Insurance and Pension Denmark criticises FSA over money laundering rules

Insurance and Pension Denmark has criticised the country’s Financial Supervisory Authority (FSA) on the tightening of money laundering rules that impact pension funds.

It argues that the industry is low risk for money laundering, as previously stated by the State Prosecutor for Serious Economic and International Crime (SØIK). However, the industry is now faced with more control and stricter reporting requirements, which it says are meaningless and costly. It believes that the FSA should ensure it is more proportionate in its control efforts.

Insurance and Pension Denmark deputy director, Torben Weiss Garne, said: “We take an active part in the efforts against money laundering, and our companies spend a lot of resources on it. But the Danish FSA's money laundering control has simply gone out of proportion.

“The risk of money laundering is severely limited - and yet pension companies are facing an increasing number of requirements that seem completely out of proportion to the risk. It is very difficult to see how the new austerity measures will contribute to our fight against money laundering. But the burdens on them are obvious.”

He emphasizes that the pension system is structured in a way where the risk of money laundering is minimal.

“It is difficult to imagine which employer or employee will have the idea of money laundering by paying 15-16 per cent of their salary each year into a pension scheme that is only paid out when you retire. In addition, the money is taxed at the time of payment, declared for tax due to the right to deduct and paid in via a bank, which must also report suspicious transactions,” he stated.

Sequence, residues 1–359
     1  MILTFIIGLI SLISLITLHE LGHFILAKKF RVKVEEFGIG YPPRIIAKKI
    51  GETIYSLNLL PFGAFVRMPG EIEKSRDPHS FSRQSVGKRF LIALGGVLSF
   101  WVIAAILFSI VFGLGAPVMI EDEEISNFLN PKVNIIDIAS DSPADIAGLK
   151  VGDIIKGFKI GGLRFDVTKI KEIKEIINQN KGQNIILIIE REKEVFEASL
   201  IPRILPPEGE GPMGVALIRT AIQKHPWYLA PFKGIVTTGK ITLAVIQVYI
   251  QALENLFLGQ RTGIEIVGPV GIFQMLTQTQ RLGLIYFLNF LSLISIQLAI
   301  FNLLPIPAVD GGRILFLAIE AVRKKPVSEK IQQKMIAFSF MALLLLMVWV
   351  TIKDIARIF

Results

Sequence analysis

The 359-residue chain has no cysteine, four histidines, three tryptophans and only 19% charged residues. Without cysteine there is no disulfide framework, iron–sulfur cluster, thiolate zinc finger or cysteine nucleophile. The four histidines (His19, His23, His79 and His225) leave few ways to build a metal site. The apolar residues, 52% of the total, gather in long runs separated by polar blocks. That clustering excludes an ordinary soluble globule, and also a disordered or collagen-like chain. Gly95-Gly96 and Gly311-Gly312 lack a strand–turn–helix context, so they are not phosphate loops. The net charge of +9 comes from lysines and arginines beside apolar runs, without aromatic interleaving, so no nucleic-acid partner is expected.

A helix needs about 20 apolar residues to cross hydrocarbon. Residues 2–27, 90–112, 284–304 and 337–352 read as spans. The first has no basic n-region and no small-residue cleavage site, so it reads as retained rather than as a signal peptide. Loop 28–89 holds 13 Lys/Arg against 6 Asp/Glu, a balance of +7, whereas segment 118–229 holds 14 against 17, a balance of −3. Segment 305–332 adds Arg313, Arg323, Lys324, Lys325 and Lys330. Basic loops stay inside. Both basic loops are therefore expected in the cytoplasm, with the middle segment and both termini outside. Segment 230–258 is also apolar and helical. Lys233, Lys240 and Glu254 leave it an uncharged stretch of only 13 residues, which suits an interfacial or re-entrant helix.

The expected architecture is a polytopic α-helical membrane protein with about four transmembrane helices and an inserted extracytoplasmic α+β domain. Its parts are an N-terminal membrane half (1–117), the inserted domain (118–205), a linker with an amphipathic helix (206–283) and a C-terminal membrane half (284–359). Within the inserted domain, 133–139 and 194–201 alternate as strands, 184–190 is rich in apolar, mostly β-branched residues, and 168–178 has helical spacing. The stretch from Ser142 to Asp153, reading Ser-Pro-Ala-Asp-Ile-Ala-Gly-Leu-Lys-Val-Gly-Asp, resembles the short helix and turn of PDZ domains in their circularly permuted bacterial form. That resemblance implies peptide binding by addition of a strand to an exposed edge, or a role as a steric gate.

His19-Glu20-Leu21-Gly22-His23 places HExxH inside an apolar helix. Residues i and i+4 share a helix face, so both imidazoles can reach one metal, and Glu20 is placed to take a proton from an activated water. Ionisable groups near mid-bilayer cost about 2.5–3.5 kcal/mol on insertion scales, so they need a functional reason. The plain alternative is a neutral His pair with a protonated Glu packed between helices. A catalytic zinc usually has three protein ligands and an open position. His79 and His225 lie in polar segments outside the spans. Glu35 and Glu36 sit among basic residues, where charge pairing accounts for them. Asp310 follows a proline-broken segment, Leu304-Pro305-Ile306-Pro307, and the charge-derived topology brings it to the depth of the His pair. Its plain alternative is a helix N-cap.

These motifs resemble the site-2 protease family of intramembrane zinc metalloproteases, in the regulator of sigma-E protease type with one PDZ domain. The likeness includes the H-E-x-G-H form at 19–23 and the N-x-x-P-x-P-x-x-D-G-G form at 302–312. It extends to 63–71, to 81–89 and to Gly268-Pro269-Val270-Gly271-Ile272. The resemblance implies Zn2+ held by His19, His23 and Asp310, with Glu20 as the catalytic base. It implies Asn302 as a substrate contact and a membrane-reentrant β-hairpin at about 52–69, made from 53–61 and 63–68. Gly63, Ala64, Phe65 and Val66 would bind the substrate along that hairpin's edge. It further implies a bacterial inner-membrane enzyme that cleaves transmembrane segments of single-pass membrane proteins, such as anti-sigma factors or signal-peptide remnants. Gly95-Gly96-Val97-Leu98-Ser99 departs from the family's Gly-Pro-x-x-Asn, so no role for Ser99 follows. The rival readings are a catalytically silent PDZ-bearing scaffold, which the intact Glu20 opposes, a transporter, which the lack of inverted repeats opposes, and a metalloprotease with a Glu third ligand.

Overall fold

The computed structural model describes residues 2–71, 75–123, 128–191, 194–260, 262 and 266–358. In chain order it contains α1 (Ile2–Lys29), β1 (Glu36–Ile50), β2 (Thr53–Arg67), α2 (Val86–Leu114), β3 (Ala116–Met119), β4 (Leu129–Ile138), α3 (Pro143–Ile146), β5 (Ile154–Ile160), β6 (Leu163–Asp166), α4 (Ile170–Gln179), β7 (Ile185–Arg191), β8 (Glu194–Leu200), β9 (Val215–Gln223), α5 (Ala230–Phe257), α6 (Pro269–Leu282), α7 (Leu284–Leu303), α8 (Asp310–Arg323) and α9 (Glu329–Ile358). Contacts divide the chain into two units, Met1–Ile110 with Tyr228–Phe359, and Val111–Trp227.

This is supported by SØIK's risk assessment from 2018 in the money laundering area. This states that: “In addition, it should be noted that the insurance and pension area was highlighted as being vulnerable to abuse for money laundering. However, the subsequent risk assessment of the area has shown that with the current control measures and laws regarding the payment of pension and insurance funds, it seems very unlikely that money laundering could occur. This area is therefore omitted from the risk assessment analysis.”

“Against this background, it is honestly difficult to understand that the Danish Financial Supervisory Authority has now tightened the requirements for the pension companies' reports further to the obvious detriment of both the companies and their customers. The new requirements are neither proportional nor risk-based, as the Authority's own strategy otherwise dictates,” Weiss Garne added.

In response, FSA head of anti money laundering and counter financing of terroism, Stig Nielsen, said: ”The Danish Financial Supervisory Authority also believes that the risk of money laundering in pension funds and life insurance companies is low, but it is not zero. And every year we do receive notifications related to suspicion of money laundering in these companies.

“Proportionality should not be measured in terms of what the costs of control of money laundering are, but in terms of what the risk is, and the companies are only obliged to do what is necessary.”

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